Years ago, when I started doing business in Japan, I was working on a rather large deal with one of the largest Japanese insurance companies. They thought our price increase was way too high and had no real justification. Negotiations were tough. At a certain point, after having exahusted all possible avenues of persuasion, I was beginning to lose hope of convincing the customer to continue working with us. It was then that a colleauge of mine, with decades of experience of working in Japan, told me it was time to use the ultimate weapon: shikata-ga-nai.
Translated into English, Shikata-ga-nai means “it cannot be helped” or “it is hopeless”. What my friend was recommending was to tell the customer that there was no more room for negotiations. It was a “hopeless” situation and that was that. Apparently, once shikata-ga-nai is uttered under such circumstances, the other party understands you have reached the limit of your bargaining leeway; it is now decision time, a sort of “take it or leave it” situation. My friend added that shikata-ga-nai should be used only in extreme situations – “once a year at most” I recall him saying – otherwise one loses his credibility very quickly. With trepidation, I followed my friend’s advice. It worked and we got the deal.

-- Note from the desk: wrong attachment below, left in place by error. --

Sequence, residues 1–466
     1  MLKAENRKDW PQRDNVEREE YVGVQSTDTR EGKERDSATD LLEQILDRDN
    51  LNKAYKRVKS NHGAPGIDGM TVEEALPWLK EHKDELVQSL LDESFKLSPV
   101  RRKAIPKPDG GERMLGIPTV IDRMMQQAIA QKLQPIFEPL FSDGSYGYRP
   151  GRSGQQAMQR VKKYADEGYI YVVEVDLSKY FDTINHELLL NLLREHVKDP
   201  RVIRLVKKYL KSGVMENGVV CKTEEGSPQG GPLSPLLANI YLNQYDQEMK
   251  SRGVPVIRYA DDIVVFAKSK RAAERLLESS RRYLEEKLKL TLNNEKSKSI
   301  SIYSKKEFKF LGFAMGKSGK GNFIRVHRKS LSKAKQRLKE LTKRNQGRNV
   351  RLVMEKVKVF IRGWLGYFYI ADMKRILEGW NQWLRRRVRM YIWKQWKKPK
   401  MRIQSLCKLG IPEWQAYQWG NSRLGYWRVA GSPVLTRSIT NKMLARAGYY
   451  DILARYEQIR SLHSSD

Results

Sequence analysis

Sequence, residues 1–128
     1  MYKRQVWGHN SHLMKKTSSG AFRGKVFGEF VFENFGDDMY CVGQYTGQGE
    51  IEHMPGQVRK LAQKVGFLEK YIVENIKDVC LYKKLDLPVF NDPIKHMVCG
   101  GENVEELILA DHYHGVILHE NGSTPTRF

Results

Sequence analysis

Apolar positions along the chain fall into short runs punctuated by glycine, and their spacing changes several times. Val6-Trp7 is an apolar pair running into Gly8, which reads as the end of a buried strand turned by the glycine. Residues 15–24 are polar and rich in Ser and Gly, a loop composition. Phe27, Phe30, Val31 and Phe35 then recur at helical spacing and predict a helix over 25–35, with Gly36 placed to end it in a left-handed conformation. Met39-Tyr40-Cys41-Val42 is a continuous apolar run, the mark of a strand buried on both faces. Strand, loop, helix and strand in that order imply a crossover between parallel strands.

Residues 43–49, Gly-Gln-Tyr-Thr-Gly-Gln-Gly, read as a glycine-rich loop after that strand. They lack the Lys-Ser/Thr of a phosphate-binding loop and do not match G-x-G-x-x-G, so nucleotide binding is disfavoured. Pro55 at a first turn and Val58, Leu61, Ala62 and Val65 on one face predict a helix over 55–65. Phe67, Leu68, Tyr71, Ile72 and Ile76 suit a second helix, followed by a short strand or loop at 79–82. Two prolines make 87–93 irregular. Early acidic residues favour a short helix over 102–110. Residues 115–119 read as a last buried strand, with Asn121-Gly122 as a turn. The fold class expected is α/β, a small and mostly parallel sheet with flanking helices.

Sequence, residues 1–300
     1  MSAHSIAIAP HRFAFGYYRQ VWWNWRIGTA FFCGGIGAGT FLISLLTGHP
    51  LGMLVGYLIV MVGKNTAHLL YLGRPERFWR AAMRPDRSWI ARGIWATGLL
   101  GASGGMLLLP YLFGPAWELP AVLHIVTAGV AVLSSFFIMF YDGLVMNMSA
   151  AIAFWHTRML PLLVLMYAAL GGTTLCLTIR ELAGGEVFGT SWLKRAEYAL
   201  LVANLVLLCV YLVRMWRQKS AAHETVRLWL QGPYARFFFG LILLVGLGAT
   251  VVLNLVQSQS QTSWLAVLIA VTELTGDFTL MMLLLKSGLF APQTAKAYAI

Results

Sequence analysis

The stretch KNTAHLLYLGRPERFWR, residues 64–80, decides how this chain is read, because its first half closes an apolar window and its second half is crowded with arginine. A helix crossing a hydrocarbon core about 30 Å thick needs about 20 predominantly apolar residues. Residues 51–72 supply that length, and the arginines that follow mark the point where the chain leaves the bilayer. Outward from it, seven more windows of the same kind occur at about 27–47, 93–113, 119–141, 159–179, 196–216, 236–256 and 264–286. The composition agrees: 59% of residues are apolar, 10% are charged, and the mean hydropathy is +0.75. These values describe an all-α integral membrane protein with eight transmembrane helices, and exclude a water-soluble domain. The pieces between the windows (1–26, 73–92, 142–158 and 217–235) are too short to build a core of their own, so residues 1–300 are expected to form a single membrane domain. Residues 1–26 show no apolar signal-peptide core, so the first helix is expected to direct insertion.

Shikata-ga-nai is a word you hear often in Japan although almost never in a business context. Its more informal version – sho-ga-nai – is used in daily conversations and is usually accompanied by a light shrug, an expression of hopelessness. People use it to tell you that they tried everything, but “it just cannot be helped”. In a sense it conveys the opposite message of ganbatte, another popular Japanese expression meaning “do your best”.
Sometimes the use of shikata-ga-nai is a chilling expression used by someone coming to terms with a bitter reality. I recently read “Hiroshima” by John Hersey, a book about the dropping of the atomic bomb on Hiroshima city on August 6, 1945. In his first-hand account of six survivors, Hersey provides a unique glimpse into the state of mind of the people of Hiroshima in the hours and days following the bombing. One expression by survivors which is mentioned several times throughout the book is shikata-ga-nai, but here it has a different meaning. Injured by the bomb, separated from their families, left with no possessions, these survivors answer the journalist’s questions by a final shikata-ga-nai, here truly meaning there is no more hope.